Regarding the other error reported above, I am still getting to the root cause, but the users are at some point switched from a db connection to a passwordless one (email), which is why they are eventually brute-force blocked later down.

Okay, thanks for following up.

Please make sure you are familiar with our Load Testing Policy.

I’m happy to help with this additional issue. In order to help you, I need steps to reproduce the issue on my side, or evidence of the behavior occurring. Can you please take a screen recording providing evidence of a user disappearing, or provide reliable steps to reproduce?

Hi @dan.woda .

Thanks for clarifying this. I wasn’t aware of the load testing policy. Does it also apply to jwks/signature requests?

To hopefully explain our flow a bit better. Initially, in load testing, we:

  1. Checked the existence of a given test user on Auth0.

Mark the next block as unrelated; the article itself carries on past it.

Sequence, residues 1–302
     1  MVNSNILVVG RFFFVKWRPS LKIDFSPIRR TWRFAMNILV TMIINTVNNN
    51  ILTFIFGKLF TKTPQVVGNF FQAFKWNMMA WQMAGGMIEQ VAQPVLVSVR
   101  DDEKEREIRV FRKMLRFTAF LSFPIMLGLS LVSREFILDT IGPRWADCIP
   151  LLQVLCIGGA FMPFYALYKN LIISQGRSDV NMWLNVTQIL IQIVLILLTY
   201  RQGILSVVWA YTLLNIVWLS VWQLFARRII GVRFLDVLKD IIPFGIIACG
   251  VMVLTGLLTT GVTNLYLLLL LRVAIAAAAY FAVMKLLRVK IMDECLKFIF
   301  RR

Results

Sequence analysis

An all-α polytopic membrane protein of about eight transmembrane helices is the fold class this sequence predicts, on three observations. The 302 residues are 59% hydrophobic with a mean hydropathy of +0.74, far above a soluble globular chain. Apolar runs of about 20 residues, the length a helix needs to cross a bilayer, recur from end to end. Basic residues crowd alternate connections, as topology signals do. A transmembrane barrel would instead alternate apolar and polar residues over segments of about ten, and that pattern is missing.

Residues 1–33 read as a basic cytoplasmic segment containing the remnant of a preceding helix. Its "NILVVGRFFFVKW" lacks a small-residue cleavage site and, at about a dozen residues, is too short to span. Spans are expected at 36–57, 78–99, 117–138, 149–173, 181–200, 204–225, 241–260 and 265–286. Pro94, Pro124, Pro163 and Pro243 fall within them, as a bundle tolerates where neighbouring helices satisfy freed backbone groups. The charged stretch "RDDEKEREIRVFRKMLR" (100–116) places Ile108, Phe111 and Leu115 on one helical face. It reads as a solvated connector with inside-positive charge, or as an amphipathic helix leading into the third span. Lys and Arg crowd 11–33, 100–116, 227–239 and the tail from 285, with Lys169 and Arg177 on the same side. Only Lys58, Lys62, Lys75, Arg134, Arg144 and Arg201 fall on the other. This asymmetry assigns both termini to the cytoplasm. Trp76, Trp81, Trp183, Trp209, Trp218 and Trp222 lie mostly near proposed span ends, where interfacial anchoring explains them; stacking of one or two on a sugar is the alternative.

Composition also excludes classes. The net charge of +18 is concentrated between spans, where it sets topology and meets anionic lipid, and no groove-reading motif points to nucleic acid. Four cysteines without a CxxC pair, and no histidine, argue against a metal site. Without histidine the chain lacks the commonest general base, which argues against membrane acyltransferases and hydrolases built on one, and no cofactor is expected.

2. If the user didn’t exist, we created them (via management api).
  3. Then authenticated as them.
  4. Passed the access token down through all subsequent load tests, so no re-auth.
  5. Load tests were performed against our own back-end, which only validates the token signature (jwks) and makes no other calls to Auth0.

However, for reasons not entirely clear to me, this flow resulted in the user’s connection being changed in their profile from password-based (database) to passwordless (email).

This had me confused and I believed the test user had been deleted, but it’s just this one thing, the connection, that gets changed.

As a result, subsequent attempts to login with a password grant eventually resulted in the user being blocked.

Since then, we’ve updated our flow to create the user with a random suffix at the beginning of a load test, and delete them afterward.

Kindly note that this development was done against a dummy endpoint (no jwks), with loads against Auth0 not exceeding one user creation/auth/deletion per test session.

To conclude, I have conducted two real nine minutes sessions - I had to, due to time constraints. Though I believe I have kept things moderate and well-within quotas for standard usage.

Could you please DM me the name of your tenant and an ID of a test user who has displayed this behavior?